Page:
Peter Blom, CEO and chairman of Triodos Bank, says that banks need to have real values and by mimicking natural systems they can operate more effectively
Today, all the warning lights in the banking and financial system are red – the Greek bail out, the eurozone crisis… But the real problem is a debt crisis. We are heavily over indebted, as countries, as businesses, as people. Banks have created incredible amounts of debt and central banks have been lowering interest rates to almost zero so that more debt can be created and people can consume more. But we cannot go any further.
It’s painful to see how quickly governments came out with trillions to save the financial system, whereas to combat poverty, deliver a transition to a low carbon economy, and finance small businesses – all the things we really need – there is no money available. I strongly believe it’s not a matter of resources; there are plenty. It’s purely a matter of political will.
To renew the financial sector, banks have to be smaller and less complex so that they are back in the positive control of people and not a negative liability for society. Governments had to bail out big banks but most small banks that stayed close to their mission have had no problems.
Triodos Bank has grown markedly in the last 4 years – 20% per year, because we stick with lending only to sustainable businesses. We try to make a connection to the real economy. Through Google maps technology for instance, our website shows every project and business that we finance. We want our customers to know where their money is, offering them real transparency. There are other banks like us, and new types of banking need to come to the debate as real, practical and financially solid alternatives.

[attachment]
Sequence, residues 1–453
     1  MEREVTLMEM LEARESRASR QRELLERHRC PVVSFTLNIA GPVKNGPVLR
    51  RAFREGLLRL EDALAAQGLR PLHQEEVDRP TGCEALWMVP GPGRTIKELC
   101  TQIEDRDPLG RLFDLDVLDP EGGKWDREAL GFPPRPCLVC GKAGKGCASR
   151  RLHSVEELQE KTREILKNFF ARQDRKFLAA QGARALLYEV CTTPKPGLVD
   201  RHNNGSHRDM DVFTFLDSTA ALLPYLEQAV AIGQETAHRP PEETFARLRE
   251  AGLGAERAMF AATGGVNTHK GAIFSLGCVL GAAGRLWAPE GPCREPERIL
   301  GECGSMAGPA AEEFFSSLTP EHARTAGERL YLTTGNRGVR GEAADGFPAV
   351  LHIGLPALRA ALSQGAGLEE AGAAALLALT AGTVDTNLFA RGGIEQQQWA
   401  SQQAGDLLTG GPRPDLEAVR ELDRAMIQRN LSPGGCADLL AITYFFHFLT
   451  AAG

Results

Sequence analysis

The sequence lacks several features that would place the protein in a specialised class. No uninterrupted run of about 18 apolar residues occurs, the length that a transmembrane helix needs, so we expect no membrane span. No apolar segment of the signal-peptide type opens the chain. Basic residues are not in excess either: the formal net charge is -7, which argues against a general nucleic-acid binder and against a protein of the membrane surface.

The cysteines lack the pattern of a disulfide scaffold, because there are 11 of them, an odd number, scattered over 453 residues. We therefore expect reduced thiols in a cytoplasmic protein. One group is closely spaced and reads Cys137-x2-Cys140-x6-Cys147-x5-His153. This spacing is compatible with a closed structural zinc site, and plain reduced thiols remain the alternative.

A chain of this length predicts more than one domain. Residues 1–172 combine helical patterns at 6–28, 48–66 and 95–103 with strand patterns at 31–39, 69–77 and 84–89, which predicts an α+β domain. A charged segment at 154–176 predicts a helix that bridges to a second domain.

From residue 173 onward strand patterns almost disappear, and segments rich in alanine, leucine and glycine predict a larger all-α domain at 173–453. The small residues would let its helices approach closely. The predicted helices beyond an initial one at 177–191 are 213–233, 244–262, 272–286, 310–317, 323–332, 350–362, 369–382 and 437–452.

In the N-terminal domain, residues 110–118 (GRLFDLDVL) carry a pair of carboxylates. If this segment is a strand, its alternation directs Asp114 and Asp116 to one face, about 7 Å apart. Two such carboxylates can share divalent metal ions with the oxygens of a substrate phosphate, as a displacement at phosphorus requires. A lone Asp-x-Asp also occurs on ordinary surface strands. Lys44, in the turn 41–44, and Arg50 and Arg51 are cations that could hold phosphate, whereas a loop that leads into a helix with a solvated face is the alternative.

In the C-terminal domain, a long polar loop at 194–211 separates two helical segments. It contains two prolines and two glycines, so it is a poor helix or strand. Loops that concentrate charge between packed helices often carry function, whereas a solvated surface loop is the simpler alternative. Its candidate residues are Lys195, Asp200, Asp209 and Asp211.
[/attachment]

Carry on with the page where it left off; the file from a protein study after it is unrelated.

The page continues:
I’ve had many discussions with politicians and other key decision-makers who don’t know how to solve the problems we now face, and aren’t transforming popular discontent into sensible discussion with the banks. It’s frightening but at the same time, this is exactly the moment to bring in new ideas. To do this, we need new images and metaphors. Interestingly enough, those can be found in nature, in how our planet functions.
As banks, we have to be connected to what’s happening in society and serve the real economy
In nature, for example, there is effectiveness, rather than efficiency. Banks have always steered towards efficiency, becoming leaner and leaner, but now there is no resilience in the system. That’s not what nature does; it’s very effective, very ‘rich’, and has an overall surplus.
Nature flourishes where there is diversity and not where there are monocultures. The big banks are monocultures. If one goes wrong, so do the others. It was totally different 30 years ago. Then we enjoyed a richer diversity. You had banks that focussed on the agricultural sector, others on small businesses. And banks had a clear function.
But then, around 1980, with the new liberalism of Thatcher and Reagan, things changed – including in mainland Europe – from static thinking that business is business and banking is banking, to more linear thinking. Banks became businesses, started to grow, to do more trading on their own account and profits went up.